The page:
Advisory Board

Professor Colin P. McGuckin

The Daily Mail article British scientists grow human liver in a laboratory said

British scientists have grown the world’s first artificial liver from stem cells in a breakthrough that will one day provide entire organs for transplant.
Colin McGuckin is professor of regenerative medicine at Newcastle University. He said: “We take the stem cells from the umbilical cord blood and make small mini-livers.
“We then give them to pharmaceutical companies and they can use them to test new drugs on.
“It could prevent the situation that happened earlier this year when those six patients had a massive reaction to the drugs they were testing.”

Professor Colin P. McGuckin, DPhil, BSc(Hons), PGCTLHE, EurProBiol, CBiol, MIBiol, MRSC is President of the Cell Therapy Institute, Lyon, France.
After finishing his PhD (DPhil) on leukaemia research in 1991 (Biomedical Sciences Research Centre, University of Ulster), Colin completed a postdoctoral position at St George’s Hospital Medical School Dept of Haematology. There he worked on Chronic Anaemia’s & Stem Cell Disorders. In 1996 he became Senior Lecturer in Biomedical Sciences at Kingston University, and “Reader” in 2001.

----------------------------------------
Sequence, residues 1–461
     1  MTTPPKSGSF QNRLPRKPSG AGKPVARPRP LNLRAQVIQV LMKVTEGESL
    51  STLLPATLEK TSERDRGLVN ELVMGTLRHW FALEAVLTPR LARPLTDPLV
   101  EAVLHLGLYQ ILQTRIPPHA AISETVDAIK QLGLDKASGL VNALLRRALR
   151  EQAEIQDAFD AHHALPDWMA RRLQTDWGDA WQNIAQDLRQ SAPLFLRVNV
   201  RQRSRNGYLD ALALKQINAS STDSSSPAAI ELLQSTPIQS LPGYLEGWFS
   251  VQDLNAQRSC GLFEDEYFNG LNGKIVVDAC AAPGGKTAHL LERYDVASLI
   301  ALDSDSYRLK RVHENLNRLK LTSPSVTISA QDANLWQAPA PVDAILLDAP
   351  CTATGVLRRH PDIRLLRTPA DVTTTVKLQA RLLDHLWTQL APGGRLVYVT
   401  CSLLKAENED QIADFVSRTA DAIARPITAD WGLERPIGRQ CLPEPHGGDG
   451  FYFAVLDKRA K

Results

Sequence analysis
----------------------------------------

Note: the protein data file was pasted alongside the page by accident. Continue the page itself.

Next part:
In 1999, he founded and became Director of the Stem Cell Therapy Laboratory specializing in Stem Cell Research, Tissue Engineering and regenerative medicine. This group is the world’s first to characterize a harvesting and culture strategy to produce embryonic-like stem cells from Umbilical Cord Blood. These stem cells have the benefit of not coming from embryological sources and are hence an ethically sound and viable alternative for tissue engineering. His research collaborates internationally and with industry.
Colin is also a freelance journalist working with TV, radio and print media and believes in promoting medical and scientific research understanding to the public. He is a UK Millennium Fellow & Media Fellow promoting science and medicine to the public. In 2005 he was appointed the first Professor of Regenerative Medicine at the University of Newcastle upon Tyne, UK, leading a clinical research program to take adult stem cells through to patients.
He coauthored Colocalization Analysis of Sialomucins CD34 and CD164, Characterization of a Lineage-Negative Stem-Progenitor Cell Population Optimized for Ex Vivo Expansion and Enriched for LTC-IC, Production of stem cells with embryonic characteristics from human umbilical cord blood, Thrombopoietin, flt3-ligand and c-kit-ligand modulate HOX gene expression in expanding cord blood CD133+ cells, A novel approach to investigating the erythroid lineage, using both receptor analysis and haemoglobin detection, and Haemopoietic and neuroglial progenitors are promoted during cord blood ex vivo expansion.
Colin is on the editorial board of 2 international journals, international reviewer [Eg. European Commission], and an advisor to several medical and science organizations. He has been invited to speak internationally, including the European Parliament and at the Vatican, Rome.